There are only 7 watch faces to choose from due to faces designed for square profiles not being compatible, but those available are very well-designed, and with the updated Motorola Connect app these are now user-tweakable.

Performance: TI OMAP 3 Processor, 512 RAM, 4GB Storage

The Moto 360 comes loaded with a decent 512MB of RAM and 4GB of storage space, however is let down by its TI OMAP 3 processor which is now quite dated technology (2010). Although not too pronounced, this does cause the display to show noticeable lag when flicking the touchscreen interface, especially after it is first turned on.

Connectivity: Bluetooth 4.0, no NFC nor GPS

Although the initial setup via bluetooth is straightforward, the connection does drop out a little more than you would normally expect. This is a bit of a let down, especially if you were to miss important notifications as a result.

Battery & Charging: not great battery life from 320 mAh battery, clever and innovative wireless Qi charging cradle

We have got used to smartwatches running for several days on one charge. However, with this new breed of power-hungry watches, times between charges have dropped significantly. One important rule of thumb is that, as with phones, you should be able to count on your device lasting all day on normal use, only requiring an overnight charge up. Unfortunately, the Moto 360, perhaps due to its less efficient processor, was not quite able to cut this if the ambient screen option was set to ‘on’. However, with the option set to ‘off’ it does give a full day’s usage, but only just. Time to full charge is relatively good, about 2 hours (and in fact 75% of that was achieved in the first hour), and its charging cradle is a revelation. Drop the watch onto the small and discreet wireless dock and it instantly becomes a convenient little alarm clock showing the time and battery level. However, the lack of a direct charging cable means that charging away from home is not so convenient.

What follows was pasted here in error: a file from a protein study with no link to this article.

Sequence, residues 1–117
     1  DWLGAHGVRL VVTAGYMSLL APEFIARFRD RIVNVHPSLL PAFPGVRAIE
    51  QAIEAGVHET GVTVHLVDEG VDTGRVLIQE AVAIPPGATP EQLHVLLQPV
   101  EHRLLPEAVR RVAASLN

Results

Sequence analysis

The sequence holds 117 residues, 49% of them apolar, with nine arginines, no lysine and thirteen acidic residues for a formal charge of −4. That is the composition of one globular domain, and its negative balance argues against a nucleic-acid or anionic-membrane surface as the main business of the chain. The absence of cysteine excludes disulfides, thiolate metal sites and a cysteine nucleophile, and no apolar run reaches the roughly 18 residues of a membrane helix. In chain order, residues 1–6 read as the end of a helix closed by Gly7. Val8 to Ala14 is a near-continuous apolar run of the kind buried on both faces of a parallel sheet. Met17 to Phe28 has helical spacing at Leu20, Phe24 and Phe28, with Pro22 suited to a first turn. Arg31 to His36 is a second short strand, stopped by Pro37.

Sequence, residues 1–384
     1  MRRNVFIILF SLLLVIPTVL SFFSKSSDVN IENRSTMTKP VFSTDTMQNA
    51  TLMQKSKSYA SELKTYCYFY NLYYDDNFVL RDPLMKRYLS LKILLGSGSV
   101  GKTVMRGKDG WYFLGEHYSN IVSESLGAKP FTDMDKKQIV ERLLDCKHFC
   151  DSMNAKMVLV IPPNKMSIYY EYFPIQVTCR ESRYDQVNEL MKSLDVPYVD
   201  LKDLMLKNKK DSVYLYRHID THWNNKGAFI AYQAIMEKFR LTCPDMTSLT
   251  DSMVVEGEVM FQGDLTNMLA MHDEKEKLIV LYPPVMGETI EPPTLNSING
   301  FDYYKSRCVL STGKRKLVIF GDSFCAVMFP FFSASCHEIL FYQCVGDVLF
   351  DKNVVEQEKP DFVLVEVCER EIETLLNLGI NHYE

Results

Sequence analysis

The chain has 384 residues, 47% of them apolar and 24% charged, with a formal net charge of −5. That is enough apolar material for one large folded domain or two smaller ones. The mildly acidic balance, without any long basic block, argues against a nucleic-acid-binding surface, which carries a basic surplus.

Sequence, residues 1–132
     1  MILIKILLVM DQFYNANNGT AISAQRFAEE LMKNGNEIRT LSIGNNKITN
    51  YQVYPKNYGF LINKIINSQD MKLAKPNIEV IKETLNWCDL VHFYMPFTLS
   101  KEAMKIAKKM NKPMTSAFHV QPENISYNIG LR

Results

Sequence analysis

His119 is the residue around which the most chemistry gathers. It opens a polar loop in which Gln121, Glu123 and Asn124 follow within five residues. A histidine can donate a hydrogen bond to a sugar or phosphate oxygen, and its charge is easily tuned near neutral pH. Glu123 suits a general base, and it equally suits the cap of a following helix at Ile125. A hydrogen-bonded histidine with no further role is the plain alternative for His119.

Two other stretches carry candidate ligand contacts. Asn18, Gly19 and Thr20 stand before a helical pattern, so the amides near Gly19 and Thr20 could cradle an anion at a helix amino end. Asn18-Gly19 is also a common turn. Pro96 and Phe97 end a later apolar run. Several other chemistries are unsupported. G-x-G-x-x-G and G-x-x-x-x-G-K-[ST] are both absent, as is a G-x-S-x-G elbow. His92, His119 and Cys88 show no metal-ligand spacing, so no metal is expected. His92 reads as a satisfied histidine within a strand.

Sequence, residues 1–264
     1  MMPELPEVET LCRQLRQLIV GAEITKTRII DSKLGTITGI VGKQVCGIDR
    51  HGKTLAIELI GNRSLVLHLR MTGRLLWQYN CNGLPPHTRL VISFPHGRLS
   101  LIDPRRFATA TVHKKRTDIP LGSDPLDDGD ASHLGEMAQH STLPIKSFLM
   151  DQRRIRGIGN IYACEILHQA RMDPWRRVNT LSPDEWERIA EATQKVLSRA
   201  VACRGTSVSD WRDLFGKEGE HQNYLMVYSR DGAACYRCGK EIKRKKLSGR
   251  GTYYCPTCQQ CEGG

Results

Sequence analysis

OS and Apps: Android Wear, Google Now integrated, good range of health and featured apps

Loaded with the ubiquitous Android Wear and with Google Now integrated along with its pop-up notification cards interface, the Moto 360 does very well at predicting the information required and in near-real time, such as journey times and weather updates. It also comes loaded with a good range of health and fitness apps such as Google Fit, and the built-in optical heart monitor in the base and pedometer accurately track activity throughout the day. There are also over 40 featured apps including Wunderlust, Tinder and Glympse. Google maps gives step-by-step navigation via voice control.

Control and interface: Good voice recognition, single physical button, very efficient with little interaction required

The voice recognition is actually pretty good thanks to the dual built-in microphones, although it struggles a little in noisy environments. This voice control, together with the predictive information service of Google Now means that there is actually very little touchscreen interaction required, only the occasional glance at the screen will suffice once a notification has heralded its arrival with a vibration. And in the ‘ambient’ screen mode, flicking the wrist conveniently brings the watch to life.

Compatibility: Compatible with all Adroid devices running 4.3 Jelly Bean and above. Not compatible with Apple phones